Right! This decade may be influenced by:

    1. transition from positive to negative PDO, AO and NAO
    2. transition from El Nino to La Nina
    3. transition from strong to weak solar cycles
    4. transition from silent to violent volcanos

    Still, for temperature, we know the AGW message, The Only Way Is Up!

  122. Atomic Hairdryer says:

    Re: Mike (13:57:16) :

    You claim “that volcanoes cause climate change, not the other way around” is only part true. Yes, volcanoes effect climate, but that is no way negates the observation in the Sc Am article. Lots of other things can cause seismic activity.

    Like harmonic tremors or low frequency vibrations? I’ve actually observed this one in a coffee cup from a mid-sized earth trembler located about 800m from an office I was working in. The vibrator in question was a solitary Enercon E-70 wind turbine. If there had been multiple vibrators, it may have made for more interesting patterns in my coffee cup. It may also help explain why some of the UK’s off-shore wind turbines are subsiding, and it may be interesting to observe the large planned wind farm on the Dogger Bank, epicentre of the UK’s largest recorded earthquake. We’ll have to wait and see there.

    Rest is perhaps a nice demonstration of climate forcings. There’s the downward pressure from the ice vs the upward pressure from the magma. It seems pretty obvious to me that the upward pressure is greater. Post normal science though seems to assign greater forcings to the melting ice than the normal forcings of being in an interglacial where we’d be expecting ice to melt and glaciers to retreat. The upward forcings still seem far greater to me than any minor differences in ice mass from man-made melting.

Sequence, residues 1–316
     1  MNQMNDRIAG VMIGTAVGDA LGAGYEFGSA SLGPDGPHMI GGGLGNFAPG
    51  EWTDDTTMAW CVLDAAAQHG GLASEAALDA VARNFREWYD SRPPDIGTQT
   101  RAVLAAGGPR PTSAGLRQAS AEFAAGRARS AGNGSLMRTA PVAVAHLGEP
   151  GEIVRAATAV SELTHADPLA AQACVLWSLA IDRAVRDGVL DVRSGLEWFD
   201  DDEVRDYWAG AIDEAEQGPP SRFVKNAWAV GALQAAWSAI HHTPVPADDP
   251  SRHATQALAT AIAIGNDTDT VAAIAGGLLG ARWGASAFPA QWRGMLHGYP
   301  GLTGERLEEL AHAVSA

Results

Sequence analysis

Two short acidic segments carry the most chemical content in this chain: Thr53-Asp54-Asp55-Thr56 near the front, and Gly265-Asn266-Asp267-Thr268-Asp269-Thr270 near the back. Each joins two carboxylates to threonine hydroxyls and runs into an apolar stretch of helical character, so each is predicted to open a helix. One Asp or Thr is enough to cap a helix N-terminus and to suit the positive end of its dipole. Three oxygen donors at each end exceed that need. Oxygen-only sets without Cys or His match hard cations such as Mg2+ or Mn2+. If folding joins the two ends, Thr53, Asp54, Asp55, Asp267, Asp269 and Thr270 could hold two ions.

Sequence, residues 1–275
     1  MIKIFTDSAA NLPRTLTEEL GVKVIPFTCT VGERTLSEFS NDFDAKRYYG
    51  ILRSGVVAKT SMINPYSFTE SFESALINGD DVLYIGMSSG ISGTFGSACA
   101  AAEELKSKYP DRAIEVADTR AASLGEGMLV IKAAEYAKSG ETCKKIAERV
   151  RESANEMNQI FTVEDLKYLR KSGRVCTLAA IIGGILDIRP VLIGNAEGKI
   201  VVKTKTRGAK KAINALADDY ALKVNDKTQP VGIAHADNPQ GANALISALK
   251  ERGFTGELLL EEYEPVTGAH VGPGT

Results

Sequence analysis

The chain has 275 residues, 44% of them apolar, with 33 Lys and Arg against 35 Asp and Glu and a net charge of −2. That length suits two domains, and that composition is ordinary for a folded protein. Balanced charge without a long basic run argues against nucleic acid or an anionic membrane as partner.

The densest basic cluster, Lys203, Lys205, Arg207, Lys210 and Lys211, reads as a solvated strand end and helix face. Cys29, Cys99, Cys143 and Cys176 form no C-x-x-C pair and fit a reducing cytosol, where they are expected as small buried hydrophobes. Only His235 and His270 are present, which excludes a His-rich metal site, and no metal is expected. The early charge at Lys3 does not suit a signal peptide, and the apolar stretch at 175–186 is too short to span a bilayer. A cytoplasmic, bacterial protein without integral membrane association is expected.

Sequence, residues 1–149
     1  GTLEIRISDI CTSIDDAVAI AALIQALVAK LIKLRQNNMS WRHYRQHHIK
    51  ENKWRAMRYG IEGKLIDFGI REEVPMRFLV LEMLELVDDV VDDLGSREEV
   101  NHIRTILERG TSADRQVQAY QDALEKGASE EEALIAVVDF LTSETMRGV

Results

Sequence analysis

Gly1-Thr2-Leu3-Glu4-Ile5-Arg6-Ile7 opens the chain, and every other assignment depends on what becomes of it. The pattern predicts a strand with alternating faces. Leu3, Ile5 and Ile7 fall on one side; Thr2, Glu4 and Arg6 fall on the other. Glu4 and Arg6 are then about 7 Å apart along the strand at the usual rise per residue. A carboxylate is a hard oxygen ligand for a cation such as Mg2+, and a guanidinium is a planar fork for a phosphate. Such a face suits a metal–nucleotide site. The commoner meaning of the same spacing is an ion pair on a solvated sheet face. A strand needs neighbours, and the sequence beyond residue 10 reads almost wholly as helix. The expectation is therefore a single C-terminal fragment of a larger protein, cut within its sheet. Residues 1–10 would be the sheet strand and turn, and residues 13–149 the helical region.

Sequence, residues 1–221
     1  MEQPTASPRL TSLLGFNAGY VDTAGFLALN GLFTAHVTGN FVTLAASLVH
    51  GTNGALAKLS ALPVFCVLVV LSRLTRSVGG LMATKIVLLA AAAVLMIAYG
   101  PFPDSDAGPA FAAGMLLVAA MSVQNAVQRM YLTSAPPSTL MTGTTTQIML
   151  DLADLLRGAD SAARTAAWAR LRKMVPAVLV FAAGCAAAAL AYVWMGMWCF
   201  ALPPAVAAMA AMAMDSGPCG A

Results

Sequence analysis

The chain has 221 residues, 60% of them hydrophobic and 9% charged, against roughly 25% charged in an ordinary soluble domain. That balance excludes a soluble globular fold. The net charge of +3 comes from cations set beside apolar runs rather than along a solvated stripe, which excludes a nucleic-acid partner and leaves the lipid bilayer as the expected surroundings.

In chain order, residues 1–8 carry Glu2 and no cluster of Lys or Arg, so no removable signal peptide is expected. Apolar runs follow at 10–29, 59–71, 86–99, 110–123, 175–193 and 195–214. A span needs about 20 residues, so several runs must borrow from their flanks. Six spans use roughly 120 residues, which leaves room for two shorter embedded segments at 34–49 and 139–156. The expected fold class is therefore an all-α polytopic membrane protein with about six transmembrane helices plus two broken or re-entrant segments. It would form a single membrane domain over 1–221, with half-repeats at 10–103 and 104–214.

123. The ghost of Big Jim Cooley says:

    Just wanted to bounce something… DO JET AIRLINERS CAUSE CLOUDS?

    Here in the UK (because we’re a small island) we rarely have completely cloudless skies. We get a few, but usually wisps of cloud form and disappear. Well, not for the past three days now. We’ve have had completely cloudless skies for three and a half days where I live. Now that happens to coincide with three days of NO airliners flying. Is it coincidence? Do airliner’s engines seed clouds? For me, the idea of coincidence is too much. The only time we can get three completely cloudless days is in mid summer, but we’re into our showery month here.

  124. Tony Hansen says:

    Steven Goddard
    Please note

    uno2three4 (14:38:37) :
    ‘The eruption dates for El Chichon and Pinatubo are reversed in post. I think Pinatubo was in 1991 also’.

    (Directly above your first graph)

    [Fixed. ~dbs]

  125. kadaka says:

    Re:

    Enneagram (18:42:43) :

    Enneagram (18:37:00) : An image worths a thousand words: Chilean Chaiten Volcano eruption:

    and

    Amino Acids in Meteorites (23:31:11) :

    Enneagram (18:42:43) :

    That photo is worth more than a thousand words!

    Indeed, that is a very important photo!

    It’s on the top of the pages at E.M. Smith’s site, Musings from the Chiefio.

    Thanks, I’ve been wondering where it came from.

  126. David A says:

    Anyone?

    If we assume an increase in volcanic activity over the next several years and have some major eruptions which cool down temperatures, should this be considered natural and not an excuse for CAGW advocates?

  127. Ammonite says:

    I heard a friend mention the Precession of the Equinoxes. What evidence does this bear on vulcanism and possible combined solar effects on our little planet I wonder? I would be most interested in some responses.

  128. Patrick Davis says:

    “The ghost of Big Jim Cooley (02:50:25) :

    Just wanted to bounce something… DO JET AIRLINERS CAUSE CLOUDS?”